Bad news, we know that most employees leave an organization because of their manager. Good news, research found that 66% of global employees were engaged at work.
Great news, there are ways of improving an employee’s experience and hence performance that are within a manager’s daily control!
The Importance of People Skills
Engagement is about employees being fully absorbed and emotionally committed to their work and organization – they bring their heads, hands and hearts! Engagement isn’t happiness, although it’s obvious that greater fulfilment contributes to happiness. It’s about the employee’s positive emotional experience and as such, a leader needs to engage others and role model this connection by further developing their people skills. Sounds touchy feely for driving performance and results. Yes and, what you say and how you say it will have an impact on the other person and the result you get. The cost of underdeveloped people skills is inefficiency, lost productivity and disengagement. Let’s look at an example.
The Tangible Cost of Poor People Skills
Imagine you have a manager who is in an open-plan office criticizing one of their employees for five minutes. How long do you think that employee is demotivated or unproductive? How long do you think the others in the office are unproductive (feeling bad or trying to console the berated employee or criticizing the manager’s action)?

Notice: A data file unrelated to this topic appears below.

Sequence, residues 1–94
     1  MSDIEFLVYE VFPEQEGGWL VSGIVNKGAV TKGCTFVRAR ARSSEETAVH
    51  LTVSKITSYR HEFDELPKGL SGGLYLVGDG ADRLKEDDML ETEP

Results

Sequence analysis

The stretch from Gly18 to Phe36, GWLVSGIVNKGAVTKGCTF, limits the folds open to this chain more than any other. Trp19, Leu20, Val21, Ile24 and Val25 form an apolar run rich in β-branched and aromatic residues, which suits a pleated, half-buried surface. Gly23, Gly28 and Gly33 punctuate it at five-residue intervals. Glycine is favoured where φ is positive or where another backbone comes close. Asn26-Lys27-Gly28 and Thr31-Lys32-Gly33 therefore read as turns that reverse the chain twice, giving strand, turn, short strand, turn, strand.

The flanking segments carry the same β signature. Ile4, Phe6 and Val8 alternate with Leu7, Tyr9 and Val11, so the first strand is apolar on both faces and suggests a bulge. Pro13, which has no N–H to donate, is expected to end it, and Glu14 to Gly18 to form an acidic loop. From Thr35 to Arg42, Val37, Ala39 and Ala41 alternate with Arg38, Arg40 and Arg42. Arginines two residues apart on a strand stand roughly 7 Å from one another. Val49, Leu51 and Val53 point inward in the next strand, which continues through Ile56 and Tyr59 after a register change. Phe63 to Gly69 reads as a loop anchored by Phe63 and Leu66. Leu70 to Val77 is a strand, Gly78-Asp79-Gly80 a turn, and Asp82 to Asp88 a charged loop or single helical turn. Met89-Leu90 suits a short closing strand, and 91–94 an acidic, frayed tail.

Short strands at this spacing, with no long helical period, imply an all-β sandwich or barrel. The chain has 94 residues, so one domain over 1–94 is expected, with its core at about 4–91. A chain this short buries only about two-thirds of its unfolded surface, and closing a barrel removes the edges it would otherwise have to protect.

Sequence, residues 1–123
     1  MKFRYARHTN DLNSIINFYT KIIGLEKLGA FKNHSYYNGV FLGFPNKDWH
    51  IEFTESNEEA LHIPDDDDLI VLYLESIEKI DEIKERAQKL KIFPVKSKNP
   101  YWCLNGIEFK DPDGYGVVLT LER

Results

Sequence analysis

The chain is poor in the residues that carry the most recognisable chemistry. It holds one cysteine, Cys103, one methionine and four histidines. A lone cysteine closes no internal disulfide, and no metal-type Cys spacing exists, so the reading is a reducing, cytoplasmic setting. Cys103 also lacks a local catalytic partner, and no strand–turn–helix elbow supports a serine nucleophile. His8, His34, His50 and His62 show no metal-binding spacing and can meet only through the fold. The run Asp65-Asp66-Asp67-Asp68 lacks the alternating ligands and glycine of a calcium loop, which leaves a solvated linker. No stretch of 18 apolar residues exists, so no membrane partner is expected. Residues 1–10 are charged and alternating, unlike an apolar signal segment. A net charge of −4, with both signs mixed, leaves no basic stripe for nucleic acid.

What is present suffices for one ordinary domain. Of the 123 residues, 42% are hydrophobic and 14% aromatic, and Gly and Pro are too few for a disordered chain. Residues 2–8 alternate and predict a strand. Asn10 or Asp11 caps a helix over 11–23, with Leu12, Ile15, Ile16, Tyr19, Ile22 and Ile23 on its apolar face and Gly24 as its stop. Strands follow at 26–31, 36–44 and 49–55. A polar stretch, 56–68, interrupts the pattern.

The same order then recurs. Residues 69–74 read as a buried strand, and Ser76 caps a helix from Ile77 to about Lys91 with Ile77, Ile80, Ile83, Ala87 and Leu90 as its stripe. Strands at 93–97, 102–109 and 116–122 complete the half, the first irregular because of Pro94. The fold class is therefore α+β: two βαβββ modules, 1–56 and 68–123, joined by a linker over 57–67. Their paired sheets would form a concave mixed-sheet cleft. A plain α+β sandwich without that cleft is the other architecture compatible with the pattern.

I did the maths for a leader of a family business; he provided the numbers and I just did the calculation. I call it monetizing soft skills – figuring out the monetary value of a leader’s people skills. His supply chain manager was complaining and criticizing people multiple times a day. The leader was reluctant to act because he wasn’t comfortable so convinced himself it wasn’t a big deal. When I did the calculation with him factoring in the 5 minutes of berating and 10 minutes consoling at the salary each employee in earshot costs per minute, discounted by 50% for conservatism, it added up to £14,000/year!
This illustrates the tangible productivity loss of one manager in an office exhibiting poor people skills. Imagine how the gains in the team’s time allowed them to take on more initiatives or better drive the strategy to long-term benefit. And allowed them to be more creative and innovative in a more enjoyable environment.
The Opportunity Cost of Average People Skills
The incidences of berating managers are few for my coaching clients. The incidences of empathetic and inspiring managers are few too. Most managers fall in the middle, into the category of simply not knowing how to engage and motivate. This isn’t a gender issue either, I have male and female coaching clients who struggle. The big opportunity to positively add to an organization’s bottom-line and employee enjoyment is not the critical manager but rather the manager who simply does nothing because they don’t know what to do.
7 People Skills You Can Try Today